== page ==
Monday, April 3, 2017

Poet Michael Indemaio

Thank You Michael Indemaio!

Michael Indemaio is a modern master of pointed love poetry,
 and Revel is a collection of cogent wit wrapped in hope. 
A book with an endless supply of heart.

Twitter: @ indemaio

Q1.Tell us a little about yourself and your background?
I am a Christian, a poet, and a fool. Hopefully in that order. I was born and I live in New York City and wherever I go I carry that with me. The size scope and dynamics of it, but also the frequent need to seek out a peaceful haven, a quiet café in my heart. When I was a small child we had a dog who would sit next to me as I told her my problems. Over time what has occurred to me is something I surely knew then, which is that the dog cared and even understood in a way the adults around me wouldn’t. For a dog there is no distinction between the problems of a child or an adult, they are both mysteries boiled down to a simple feeling or expression. The wisdom of that is something I try not to forget. I have a dog now too, her name is Sonnet and she also listens well.

Q2. Why is poetry important?
Art is important, and poetry doesn’t need any special pleading. Great art transcends, and it’s hard to overstate the importance of that. Through art we find expression for the ineffable and can reach for the intangible. Art is more about what it means than what it says or shows, and that’s something I think we’d all like for ourselves and our lives – which is to say both that life is well understood as art and that art is something with life. Any work of art and any artist does not exist in a vacuum and so is both influenced and influential. It is a great thing, to be a ripple in the illimitable waters of making. Poetry specifically is one of the art forms that require nothing but humanity, and that can be important in many ways. A poet with nothing else still has poetry.

Q3. How does a poem begin for you, with an idea, a form or an image?
By the time I begin to write a poem it is in some sense already done. It already exists in my mind as an essence strong enough that I don’t question its ability to emerge, although what I don’t know about it yet will vary. It often begins with a feeling, but just as often it begins with words. Words, like music notes, can be arranged in limitlessly beautiful ways, and that in itself is worthwhile beyond my own desire to express something in particular.

Q4. Where is your favorite place to write and why?
Outside, in the sunshine in spring, when everything is in bloom. Specific places come and go – businesses and houses get sold torn down and rebuilt – but seasons come and go and always return. In the sunshine of spring I feel most connected to times gone by while simultaneously hopeful for what’s to come. I like writing from a place where I feel like who I’ve always been, but also like I’m growing and alive.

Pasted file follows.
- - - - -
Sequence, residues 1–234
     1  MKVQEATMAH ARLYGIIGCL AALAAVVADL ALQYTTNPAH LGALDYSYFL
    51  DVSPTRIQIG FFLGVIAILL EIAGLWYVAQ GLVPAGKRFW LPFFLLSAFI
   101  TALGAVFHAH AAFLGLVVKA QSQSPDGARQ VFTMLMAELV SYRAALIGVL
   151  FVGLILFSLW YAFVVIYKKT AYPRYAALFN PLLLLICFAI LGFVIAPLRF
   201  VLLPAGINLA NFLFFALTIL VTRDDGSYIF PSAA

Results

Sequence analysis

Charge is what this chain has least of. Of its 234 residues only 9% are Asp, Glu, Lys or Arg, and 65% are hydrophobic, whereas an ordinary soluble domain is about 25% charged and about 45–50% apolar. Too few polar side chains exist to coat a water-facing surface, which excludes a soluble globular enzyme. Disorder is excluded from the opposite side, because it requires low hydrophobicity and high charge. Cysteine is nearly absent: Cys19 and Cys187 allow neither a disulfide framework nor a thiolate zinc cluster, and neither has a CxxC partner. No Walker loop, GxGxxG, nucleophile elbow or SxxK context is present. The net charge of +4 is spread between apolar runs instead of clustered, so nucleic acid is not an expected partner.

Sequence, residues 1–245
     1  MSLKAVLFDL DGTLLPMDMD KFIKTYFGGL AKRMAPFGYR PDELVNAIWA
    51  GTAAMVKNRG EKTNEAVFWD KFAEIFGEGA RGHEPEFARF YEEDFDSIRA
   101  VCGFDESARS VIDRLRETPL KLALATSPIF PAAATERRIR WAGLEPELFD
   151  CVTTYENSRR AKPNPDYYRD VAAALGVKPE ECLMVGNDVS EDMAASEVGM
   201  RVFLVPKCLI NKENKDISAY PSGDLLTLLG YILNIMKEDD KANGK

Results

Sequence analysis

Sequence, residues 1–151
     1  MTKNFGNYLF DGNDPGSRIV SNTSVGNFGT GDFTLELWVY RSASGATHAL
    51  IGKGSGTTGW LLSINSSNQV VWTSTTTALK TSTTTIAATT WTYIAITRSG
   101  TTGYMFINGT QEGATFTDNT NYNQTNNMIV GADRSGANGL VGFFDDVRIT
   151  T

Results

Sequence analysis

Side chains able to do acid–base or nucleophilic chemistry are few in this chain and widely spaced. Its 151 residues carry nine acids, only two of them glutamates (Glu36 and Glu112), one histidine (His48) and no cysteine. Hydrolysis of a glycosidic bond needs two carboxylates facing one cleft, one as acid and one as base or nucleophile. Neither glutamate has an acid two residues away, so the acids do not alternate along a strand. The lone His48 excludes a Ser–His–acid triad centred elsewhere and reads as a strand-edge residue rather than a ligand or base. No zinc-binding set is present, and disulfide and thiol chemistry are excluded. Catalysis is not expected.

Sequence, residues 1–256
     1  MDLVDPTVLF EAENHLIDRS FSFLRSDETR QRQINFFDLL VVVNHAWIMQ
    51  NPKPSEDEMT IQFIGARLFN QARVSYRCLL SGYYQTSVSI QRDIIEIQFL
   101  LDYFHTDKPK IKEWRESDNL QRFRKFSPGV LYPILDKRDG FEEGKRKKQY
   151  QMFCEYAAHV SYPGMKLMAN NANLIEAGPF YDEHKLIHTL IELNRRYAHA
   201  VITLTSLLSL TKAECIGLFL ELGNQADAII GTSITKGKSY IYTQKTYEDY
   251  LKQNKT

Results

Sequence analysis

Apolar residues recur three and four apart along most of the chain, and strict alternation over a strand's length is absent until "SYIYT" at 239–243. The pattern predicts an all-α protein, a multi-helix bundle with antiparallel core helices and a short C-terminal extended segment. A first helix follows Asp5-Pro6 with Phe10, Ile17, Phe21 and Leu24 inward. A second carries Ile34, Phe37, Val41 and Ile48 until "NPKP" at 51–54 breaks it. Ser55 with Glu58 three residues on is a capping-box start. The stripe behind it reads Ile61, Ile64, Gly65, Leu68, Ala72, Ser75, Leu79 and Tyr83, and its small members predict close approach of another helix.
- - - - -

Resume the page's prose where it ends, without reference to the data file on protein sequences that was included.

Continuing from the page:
Q5. What is the relationship between your speaking voice and your written voice?
My written voice has a speaking voice. A lot of my early poetry was written for spoken word performance and that has stayed with me. The better a poem sounds the better it will read, and the more true and honest it is written the more it will be felt. The gap between my written and spoken voice is something I work to eliminate.

Q6. What are your thoughts about social media and poetry? Do you think it helps the poet or hinders the poet?
Social media democratizes poetry, which is a good thing. It also helps the poet find the right audience, and vice versa. I once saw a young teen read his hip-hop inspired poetry in front of a room full of middle-aged academics, who shamefully mocked him. I told the young man and his mother that he did a good job but was in the wrong setting, there was a community of poets with similar taste not far away who would no doubt encourage him. On social media you can find the right audience and then communicate with them and write for them. I don’t buy into the notion that every writer should be writing for themselves and not considering the audience. A diary can be good and healthy as exercise, but for artistic expression I want intention and performance.

Q7. What is the best advice you have for other poets?